The wholesale division of Qwest Communications (which has since become CenturyLink) needed to create a web application to modernize a complex paper/fax-based industry standard process that other companies, such as smaller local telecom companies, wireless carriers, etc, use to order backend network services, such as fiber optic capacity between two endpoints.
Because this project was based on a very complex industry standard ordering process, with lots of arcane acronyms and rules, I realized that gaining a deep understanding of the process would be critical to designing as simple and elegant a solution as possible.
I studied the industry standard documentation (based on paper forms), and user guides for the web applications other companies had created for the same purpose. These other applications struck me as very confusing because they disregarded the structure laid out in the industry documentation.
I decided to treat the structure of the legacy paper forms as an asset rather than an encumbrance, and designed a user interface that closely matched the structure of the paper forms, making it easy for users to see how the industry standard documentation applied to the web application.
You can see examples of the user interface in the user guide (e.g., on page 30). Note:
- The diagram at the top which represents the set of forms, their order (ASR, Multi-EC, Transport, ACI), and which ones have multiple instances of them (ACI).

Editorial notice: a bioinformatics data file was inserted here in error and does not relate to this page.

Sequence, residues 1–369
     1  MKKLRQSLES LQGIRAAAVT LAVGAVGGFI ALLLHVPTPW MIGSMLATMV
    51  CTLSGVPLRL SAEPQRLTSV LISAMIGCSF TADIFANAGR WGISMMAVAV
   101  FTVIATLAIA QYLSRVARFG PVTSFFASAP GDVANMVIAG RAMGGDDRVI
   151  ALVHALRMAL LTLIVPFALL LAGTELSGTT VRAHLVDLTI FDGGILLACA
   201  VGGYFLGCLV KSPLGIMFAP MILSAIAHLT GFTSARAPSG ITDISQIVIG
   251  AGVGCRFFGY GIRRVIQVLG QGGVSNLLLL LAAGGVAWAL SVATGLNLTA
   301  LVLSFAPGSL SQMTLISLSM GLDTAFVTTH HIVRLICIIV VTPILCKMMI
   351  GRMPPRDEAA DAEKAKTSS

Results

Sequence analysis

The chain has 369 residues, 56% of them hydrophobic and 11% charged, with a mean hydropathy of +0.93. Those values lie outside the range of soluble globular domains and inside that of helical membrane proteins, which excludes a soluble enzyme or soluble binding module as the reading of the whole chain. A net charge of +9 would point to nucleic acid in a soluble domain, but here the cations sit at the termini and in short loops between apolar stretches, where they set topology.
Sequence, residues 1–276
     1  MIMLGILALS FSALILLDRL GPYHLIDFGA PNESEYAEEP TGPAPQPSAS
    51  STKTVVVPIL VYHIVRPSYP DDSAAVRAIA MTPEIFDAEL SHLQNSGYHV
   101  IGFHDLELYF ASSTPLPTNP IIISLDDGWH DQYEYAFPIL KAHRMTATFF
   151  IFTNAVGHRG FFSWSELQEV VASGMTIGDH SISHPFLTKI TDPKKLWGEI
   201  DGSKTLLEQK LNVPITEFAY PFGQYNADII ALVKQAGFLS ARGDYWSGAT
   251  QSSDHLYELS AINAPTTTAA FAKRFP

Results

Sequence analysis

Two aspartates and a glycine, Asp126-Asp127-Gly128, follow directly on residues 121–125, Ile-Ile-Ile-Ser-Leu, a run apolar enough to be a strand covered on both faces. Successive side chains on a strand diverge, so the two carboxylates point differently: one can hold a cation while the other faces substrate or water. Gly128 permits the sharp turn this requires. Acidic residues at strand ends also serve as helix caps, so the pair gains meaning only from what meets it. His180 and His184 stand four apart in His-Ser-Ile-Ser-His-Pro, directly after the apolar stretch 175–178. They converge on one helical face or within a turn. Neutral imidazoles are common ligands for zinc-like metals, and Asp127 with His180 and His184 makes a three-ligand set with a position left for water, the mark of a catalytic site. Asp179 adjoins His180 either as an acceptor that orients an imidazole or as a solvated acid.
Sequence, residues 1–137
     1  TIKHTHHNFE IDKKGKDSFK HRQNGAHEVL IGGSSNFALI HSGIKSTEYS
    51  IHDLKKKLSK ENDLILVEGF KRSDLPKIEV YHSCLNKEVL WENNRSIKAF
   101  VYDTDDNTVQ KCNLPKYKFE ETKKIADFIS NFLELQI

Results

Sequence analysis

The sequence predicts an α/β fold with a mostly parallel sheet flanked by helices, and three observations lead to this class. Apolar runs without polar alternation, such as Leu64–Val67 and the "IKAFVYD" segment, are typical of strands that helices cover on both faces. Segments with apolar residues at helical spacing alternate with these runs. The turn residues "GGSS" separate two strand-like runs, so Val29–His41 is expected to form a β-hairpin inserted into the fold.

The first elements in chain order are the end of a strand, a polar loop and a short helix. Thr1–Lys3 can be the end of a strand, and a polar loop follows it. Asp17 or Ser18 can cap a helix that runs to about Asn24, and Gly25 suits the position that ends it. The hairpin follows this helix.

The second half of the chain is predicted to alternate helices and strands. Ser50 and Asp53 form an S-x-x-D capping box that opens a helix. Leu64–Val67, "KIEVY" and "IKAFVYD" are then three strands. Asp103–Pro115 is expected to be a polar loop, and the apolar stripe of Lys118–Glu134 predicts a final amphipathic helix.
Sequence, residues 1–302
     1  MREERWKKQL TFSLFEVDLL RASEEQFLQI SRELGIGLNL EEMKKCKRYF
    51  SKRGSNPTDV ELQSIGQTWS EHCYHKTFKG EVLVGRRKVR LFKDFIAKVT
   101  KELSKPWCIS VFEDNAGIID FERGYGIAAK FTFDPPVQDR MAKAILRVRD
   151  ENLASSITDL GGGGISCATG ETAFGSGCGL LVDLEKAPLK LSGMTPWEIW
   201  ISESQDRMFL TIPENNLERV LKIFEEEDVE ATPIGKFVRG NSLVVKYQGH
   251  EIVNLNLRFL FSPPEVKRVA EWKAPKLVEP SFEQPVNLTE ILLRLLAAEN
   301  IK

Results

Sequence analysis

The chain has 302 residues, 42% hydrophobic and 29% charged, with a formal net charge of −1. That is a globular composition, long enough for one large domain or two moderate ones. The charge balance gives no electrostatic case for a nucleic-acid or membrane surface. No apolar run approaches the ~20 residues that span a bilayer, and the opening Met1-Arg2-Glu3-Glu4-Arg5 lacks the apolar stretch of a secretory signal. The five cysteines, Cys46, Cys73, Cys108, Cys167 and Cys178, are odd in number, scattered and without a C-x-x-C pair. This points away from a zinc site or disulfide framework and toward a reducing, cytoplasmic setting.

- The flagging of forms and sections with errors using both red color and a » character, for accessibility to color-blind users.
- The form itself is divided into horizontal sections that correspond to lines of the legacy paper forms, and wrap to fit the browser window width.
Throughout the project, I engaged deeply in technical discussions with both the software development team and the resident expert on the industry standards, to ensure I could design to accommodate all the many technical issues and requirements, while constantly advocating for the needs of end users.
I prototyped the design in HTML and CSS, mainly because it was critical to demonstrate to the team how my design adapted to different browser widths, taking advantage of however wide a window a user might want to use, while adapting to narrower windows in a way that retained a clear correspondence between the on-screen layout and the paper forms described in the industry standard documentation.
My efforts to create an intuitive application for an inherently complex process were successful enough to inspire a user from Cingular Wireless to submit the following unsolicited comment:
“I just wanted to leave a note to say that your QORA system is by far better than any of the other systems for ordering, that I have used. It is very very user friendly. Thanks for making my job easier!”